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A manufacturer is liable for the negligent construction of an automobile. It is the duty of a manufacturer to use reasonable care under the circumstances to so design his product as to make it not accident or foolproof, but safe for the use for which it is intended. This duty includes a duty to design the product so that it will fairly meet any emergency of use which can reasonably be anticipated. The manufacturer is not an insurer that his product is, from a design viewpoint, incapable of producing injury.
Plaintiff-appellant Erling David Larsen received severe bodily injuries while driving, with the consent of the owner, a 1963 Chevrolet Corvair. A head-on collision, with the impact occurring on the left front corner of the car, caused a severe rearward thrust of the steering mechanism into the plaintiff's head. The car was manufactured by appellee General Motors Corporation and liability was asserted against them on an alleged design defect in the steering assembly and the placement or attachment of the component parts of the steering assembly to the structure of the car. The plaintiff did not contend that the design caused the accident but that because of the design, he received injuries he would not have otherwise received or, in the alternative, his injuries would not have been as severe. The rearward displacement of the steering shaft on the left frontal impact was much greater on the car than it would be in other cars that were designed to protect against such a rearward displacement. Plaintiff filed a negligence action alleging that the defendant’s negligent design of a steering assembly caused his injuries in a car accident. Defendant filed a motion for summary judgment and argued that its alleged defect did not cause the accident and that there was no law that imposed a duty of care in the design of an automobile to make it safer to occupy in the event of a collision. The lower court agreed with the defendant and rendered summary judgment in its favor. The court held that there was no common law duty on the manufacturer to make a vehicle that would protect the plaintiff from injury in the event of a head-on collision and dismissed the complaint. Plaintiff timely appealed.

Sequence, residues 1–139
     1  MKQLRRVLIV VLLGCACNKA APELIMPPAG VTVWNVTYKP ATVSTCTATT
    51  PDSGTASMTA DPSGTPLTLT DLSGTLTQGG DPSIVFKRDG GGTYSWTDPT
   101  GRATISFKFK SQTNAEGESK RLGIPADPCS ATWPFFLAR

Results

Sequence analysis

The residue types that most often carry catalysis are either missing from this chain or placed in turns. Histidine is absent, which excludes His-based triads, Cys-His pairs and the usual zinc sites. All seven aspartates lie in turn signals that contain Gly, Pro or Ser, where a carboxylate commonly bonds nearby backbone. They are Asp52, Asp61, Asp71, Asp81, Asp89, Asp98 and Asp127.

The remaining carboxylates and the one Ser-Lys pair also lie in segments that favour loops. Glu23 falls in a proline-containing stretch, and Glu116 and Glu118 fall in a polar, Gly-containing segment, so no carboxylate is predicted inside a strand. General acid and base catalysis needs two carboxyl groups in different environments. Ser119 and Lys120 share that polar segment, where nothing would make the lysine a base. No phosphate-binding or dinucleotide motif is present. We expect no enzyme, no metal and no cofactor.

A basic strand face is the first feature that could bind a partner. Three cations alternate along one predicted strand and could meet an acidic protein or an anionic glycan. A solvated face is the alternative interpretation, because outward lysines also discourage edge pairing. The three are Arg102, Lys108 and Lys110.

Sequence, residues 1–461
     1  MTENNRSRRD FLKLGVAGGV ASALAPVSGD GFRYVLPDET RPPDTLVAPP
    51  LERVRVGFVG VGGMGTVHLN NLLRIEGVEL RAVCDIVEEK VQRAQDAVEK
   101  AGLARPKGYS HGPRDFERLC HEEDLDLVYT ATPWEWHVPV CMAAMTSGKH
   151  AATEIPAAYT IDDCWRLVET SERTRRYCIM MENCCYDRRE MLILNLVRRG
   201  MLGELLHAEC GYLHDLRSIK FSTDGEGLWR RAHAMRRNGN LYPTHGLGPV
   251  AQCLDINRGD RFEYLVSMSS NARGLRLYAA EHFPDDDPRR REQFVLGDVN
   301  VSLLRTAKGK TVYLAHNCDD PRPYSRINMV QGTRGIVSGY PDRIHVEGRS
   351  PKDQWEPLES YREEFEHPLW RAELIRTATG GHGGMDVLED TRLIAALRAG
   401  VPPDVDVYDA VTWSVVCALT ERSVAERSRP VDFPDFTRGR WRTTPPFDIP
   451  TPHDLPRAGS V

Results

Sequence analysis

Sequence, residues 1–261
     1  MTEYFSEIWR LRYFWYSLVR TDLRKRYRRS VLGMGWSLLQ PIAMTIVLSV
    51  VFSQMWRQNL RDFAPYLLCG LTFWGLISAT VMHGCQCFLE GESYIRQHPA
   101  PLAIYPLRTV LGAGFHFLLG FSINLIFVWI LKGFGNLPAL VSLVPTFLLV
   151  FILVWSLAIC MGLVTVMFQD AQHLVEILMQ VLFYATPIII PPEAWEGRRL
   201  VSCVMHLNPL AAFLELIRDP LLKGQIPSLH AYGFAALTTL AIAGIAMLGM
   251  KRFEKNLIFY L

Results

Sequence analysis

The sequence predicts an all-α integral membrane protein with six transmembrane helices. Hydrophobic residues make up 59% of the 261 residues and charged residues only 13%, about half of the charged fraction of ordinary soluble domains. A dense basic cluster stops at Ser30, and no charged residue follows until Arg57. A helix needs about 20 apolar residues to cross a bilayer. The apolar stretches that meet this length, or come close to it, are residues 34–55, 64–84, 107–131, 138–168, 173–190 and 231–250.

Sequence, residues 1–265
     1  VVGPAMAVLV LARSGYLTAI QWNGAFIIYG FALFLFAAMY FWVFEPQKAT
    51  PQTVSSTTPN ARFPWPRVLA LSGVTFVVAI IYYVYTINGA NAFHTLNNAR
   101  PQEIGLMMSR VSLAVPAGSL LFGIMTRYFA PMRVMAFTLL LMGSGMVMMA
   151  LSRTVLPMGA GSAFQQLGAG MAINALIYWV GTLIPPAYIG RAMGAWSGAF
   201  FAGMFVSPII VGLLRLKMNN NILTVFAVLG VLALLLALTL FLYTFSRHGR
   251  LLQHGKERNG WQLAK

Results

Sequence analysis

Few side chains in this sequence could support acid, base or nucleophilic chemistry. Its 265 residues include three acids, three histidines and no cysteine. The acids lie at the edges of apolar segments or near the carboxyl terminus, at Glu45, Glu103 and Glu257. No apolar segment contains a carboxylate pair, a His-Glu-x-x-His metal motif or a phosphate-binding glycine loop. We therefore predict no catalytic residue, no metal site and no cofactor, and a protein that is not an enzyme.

Was the district court correct in holding that appellees did not have a duty to make a car safer to occupy in the event of a collision?
The court reversed the granting of summary judgment and remanded the case. The appellate court held that there did exist a duty of care by the defendant and that the lower court had to determine whether or not the defendant had met this duty. The court found that courts had consistently held that a manufacturer was liable for its negligent construction of an automobile. Further, the court ruled that the defendant had to use reasonable care to design the product for the use for which it was intended. As accidents were not uncommon, a duty did exist.